Thursday, March 15, 2018

The Amazing Face

In a quick coda to my last entry about 2018 intake, I just wanted to share a few more of the amazing new faces I've been meeting as I traverse from school site to school site, making sure I have each student's details.

To clarify once again, these kids are just the newbies in the Standard One classrooms at Msaranga, Msandaka, Mnazi, and Kiboriloni Primary Schools.  They have not been tested yet - for the most part - although testing is underway.  So, there is nothing quantifying these students except for their undeniable cuteness and their individual personalities shining through.

Testing should be done around the end of March by which time, we will have some idea of who needs our help this year.  Then, as per usual, we'll do parent meetings and work out modified versions of an IEP for each child going forward.

Onward and upward!









Monday, March 12, 2018

Thirteen Ways of Looking at a Blackboard

Greetings, dear readers, and many salaams from a fairly cool and cloudy Kilimanjaro.  I hope you've all been keeping well, wherever in the world you may be.

We've been awfully busy over here at The Toa Nafasi Project this month of March.  So much so that I've still not found time to post an entry about our excellent fifth anniversary celebration and now the recent International Women's Day festivities.  Bear with me as I negotiate these hectic days and do my best to prioritize all the things that need to get done!

The most pressing of all tasks at the moment is to complete the intake at our four participating schools sites in Moshi Municipal district, Kilimanjaro region: Msaranga, Msandaka, Mnazi, and Kiboriloni Primary Schools.

All four headmasters have been greeted and schmoozed.  Ditto all sixteen Standard One and Two teachers in the regular classrooms.  Nothing left to do but the job at hand: taking the names and photos of each child in the 2018 Standard One registry, and completing an observation form for each student, noting things like appearance, behavior, gross and fine motor skills, and of course, aptitude in basic literacy and numeracy.

We've done it many years before (2013, 2014, 2015, 2016, 2017), and we'll do it again now, but it's an awful lot of work and takes more than a bit of time.

Still, I love this sort of ripple before the full tide of the work sweeps over.  I get to see the kids for the first time and witness little glimpses into their minds and personalities.

Here are a few new faces from 2018.  I'm guessing each one of these little people has his or her own way of looking at the world.  Starting with the blackboard....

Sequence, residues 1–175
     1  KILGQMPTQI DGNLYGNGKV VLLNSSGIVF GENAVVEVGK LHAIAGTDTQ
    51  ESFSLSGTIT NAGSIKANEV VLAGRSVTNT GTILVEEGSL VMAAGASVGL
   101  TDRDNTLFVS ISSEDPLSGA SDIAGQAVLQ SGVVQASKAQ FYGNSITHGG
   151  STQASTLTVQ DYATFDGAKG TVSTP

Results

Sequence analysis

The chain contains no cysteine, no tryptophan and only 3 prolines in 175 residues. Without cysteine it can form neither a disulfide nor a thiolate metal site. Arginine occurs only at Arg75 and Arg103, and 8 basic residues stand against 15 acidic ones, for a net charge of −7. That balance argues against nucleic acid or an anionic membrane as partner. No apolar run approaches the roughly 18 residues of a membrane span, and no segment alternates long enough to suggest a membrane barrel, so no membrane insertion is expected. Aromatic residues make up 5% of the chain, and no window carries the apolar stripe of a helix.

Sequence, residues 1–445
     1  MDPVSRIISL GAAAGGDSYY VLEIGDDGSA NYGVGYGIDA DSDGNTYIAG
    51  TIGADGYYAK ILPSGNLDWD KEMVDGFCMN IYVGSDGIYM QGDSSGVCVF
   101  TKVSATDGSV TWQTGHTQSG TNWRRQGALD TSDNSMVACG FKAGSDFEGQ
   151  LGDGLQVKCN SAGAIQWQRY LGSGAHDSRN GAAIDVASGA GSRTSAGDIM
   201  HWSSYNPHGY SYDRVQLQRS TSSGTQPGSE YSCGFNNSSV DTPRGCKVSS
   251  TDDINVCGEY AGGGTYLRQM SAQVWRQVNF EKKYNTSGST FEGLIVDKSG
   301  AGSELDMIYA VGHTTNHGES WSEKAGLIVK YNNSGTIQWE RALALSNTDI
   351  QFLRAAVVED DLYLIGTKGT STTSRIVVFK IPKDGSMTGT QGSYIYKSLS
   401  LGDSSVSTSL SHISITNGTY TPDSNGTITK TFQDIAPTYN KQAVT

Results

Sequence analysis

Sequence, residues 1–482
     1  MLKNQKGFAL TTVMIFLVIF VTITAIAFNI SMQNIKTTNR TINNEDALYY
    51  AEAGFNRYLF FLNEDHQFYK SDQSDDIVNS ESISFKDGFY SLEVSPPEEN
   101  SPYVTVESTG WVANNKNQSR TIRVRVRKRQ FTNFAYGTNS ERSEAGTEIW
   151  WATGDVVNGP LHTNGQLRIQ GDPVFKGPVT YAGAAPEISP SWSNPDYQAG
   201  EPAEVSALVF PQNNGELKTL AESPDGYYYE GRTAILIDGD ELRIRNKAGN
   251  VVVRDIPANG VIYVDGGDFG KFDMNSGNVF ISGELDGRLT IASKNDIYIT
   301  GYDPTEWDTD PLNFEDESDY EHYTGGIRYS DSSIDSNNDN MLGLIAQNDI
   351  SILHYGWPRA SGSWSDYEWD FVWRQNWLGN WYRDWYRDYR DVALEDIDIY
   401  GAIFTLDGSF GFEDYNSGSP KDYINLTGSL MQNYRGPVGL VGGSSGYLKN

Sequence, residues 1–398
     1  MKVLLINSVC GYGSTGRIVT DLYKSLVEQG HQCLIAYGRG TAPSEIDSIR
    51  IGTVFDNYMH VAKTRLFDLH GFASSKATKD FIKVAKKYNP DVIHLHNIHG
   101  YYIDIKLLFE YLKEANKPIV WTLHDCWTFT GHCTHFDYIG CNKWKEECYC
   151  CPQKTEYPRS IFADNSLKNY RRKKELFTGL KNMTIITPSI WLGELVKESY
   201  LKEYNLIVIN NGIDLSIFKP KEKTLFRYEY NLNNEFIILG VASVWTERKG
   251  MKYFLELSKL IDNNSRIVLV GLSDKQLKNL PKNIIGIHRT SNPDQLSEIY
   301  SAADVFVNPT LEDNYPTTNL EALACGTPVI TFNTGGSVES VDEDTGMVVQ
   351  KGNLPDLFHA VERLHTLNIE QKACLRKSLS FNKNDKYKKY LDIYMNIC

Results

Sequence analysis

I. Eye

II. Tree

III. Winds

IV. One

V. Beauty

VI. Mood

VII. Imagine

VIII. Noble

IX. Sight

X. Flying

XI. Shadow

XII. River

XIII. Snow

Saturday, March 3, 2018

Momager Dearest

Some people have moms, some have managers, and some are lucky enough to have a two-in-one collabo - though I will concede that most of those people are noxious child stars!

While, yes, I am her child, and yes, she is my mom, Carla is oh-so-much more than that.

At 73 years strong, she is still globe-trotting, people-meeting, and plan-making.  A retired professor emerita; author of multiple books, papers, and articles; habitual conference-goer and recurrent conference-speaker; and most recently, recipient of a coveted Guggenheim fellowship, this woman has long been my heroine.

She is also a major pain in the neck.

Toa Nafasi started in 2012, and since Carla's retirement in 2015, she's been coming 'round these parts to make sure that I am doing MY job HER way!  Check out these past entries for more on my "Momager Dearest:"




And from the University of Maryland site: 

Honestly, though, I am lucky to have her, and really both of my parents, who support me and The Toa Nafasi Project tirelessly, even when I myself am so tired, I just wanna quit.

My dad, David, is more of a behind-the-scenes player, doing our legal work pro bono, sourcing accountants and auditors, and dealing with the dreaded IRS.

Meanwhile, Carla is center-stage, coming over once or twice a year to shake things up and remind everyone of the presence of the U.S. Board and their expectations: of what our objectives are, of what goals we've met, of where we've succeeded and where we've failed, and of course, of what in the heck we are doing with all our hard-raised donor money.  She is the representation of Toa's accountability to the folks back home, and she helps me to right the ship when the winds pick up.

She is also my best friend.

Here are some captioned photos from her most recent trip to Moshi, having just left last week.

With her original boyfriend, ma lumiere,
Headmaster Mlinga at Msandaka Primary School.

With her brand-new side piece,
Headmaster Makenga at Kiboriloni Primary School.

With the happiest man alive,
Headmaster Kijo at Mnazi Primary School.

Chowing down with my friends at our fifth anniversary celebration, blog post on that shinny to come.

Leading the conga line with the Toa tutors at the same event. 

Wearing my friend Ali's daughter Sadie's Valentine's Day bow.
I have no reasonable explanation for this.

Being gifted with a kikoi by Vumi's young daughter, Grace.

Being gifted YET AGAIN by the tutors at Msaranga Primary School on behalf of all the staff of The Toa Nafasi Project.
Until 2019, Momager wangu!